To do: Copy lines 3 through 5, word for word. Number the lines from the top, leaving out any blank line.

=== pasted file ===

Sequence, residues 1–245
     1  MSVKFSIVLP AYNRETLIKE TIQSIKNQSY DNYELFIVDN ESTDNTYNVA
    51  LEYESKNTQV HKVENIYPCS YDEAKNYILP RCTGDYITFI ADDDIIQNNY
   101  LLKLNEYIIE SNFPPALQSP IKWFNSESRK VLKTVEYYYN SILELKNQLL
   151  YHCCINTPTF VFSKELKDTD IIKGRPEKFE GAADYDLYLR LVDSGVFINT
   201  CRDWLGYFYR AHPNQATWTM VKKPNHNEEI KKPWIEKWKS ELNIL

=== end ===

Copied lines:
    51  LEYESKNTQV HKVENIYPCS YDEAKNYILP RCTGDYITFI ADDDIIQNNY
   101  LLKLNEYIIE SNFPPALQSP IKWFNSESRK VLKTVEYYYN SILELKNQLL
   151  YHCCINTPTF VFSKELKDTD IIKGRPEKFE GAADYDLYLR LVDSGVFINT